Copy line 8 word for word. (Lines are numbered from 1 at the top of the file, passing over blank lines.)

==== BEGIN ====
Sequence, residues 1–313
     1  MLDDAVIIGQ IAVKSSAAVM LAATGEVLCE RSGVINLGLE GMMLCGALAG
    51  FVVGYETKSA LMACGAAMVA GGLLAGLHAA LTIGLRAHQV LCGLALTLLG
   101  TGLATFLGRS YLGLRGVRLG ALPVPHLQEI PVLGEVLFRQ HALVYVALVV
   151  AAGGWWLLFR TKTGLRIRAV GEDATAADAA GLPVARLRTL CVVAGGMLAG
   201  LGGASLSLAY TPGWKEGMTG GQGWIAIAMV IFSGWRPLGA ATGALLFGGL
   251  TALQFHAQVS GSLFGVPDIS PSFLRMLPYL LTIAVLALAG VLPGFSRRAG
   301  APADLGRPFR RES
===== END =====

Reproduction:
   301  APADLGRPFR RES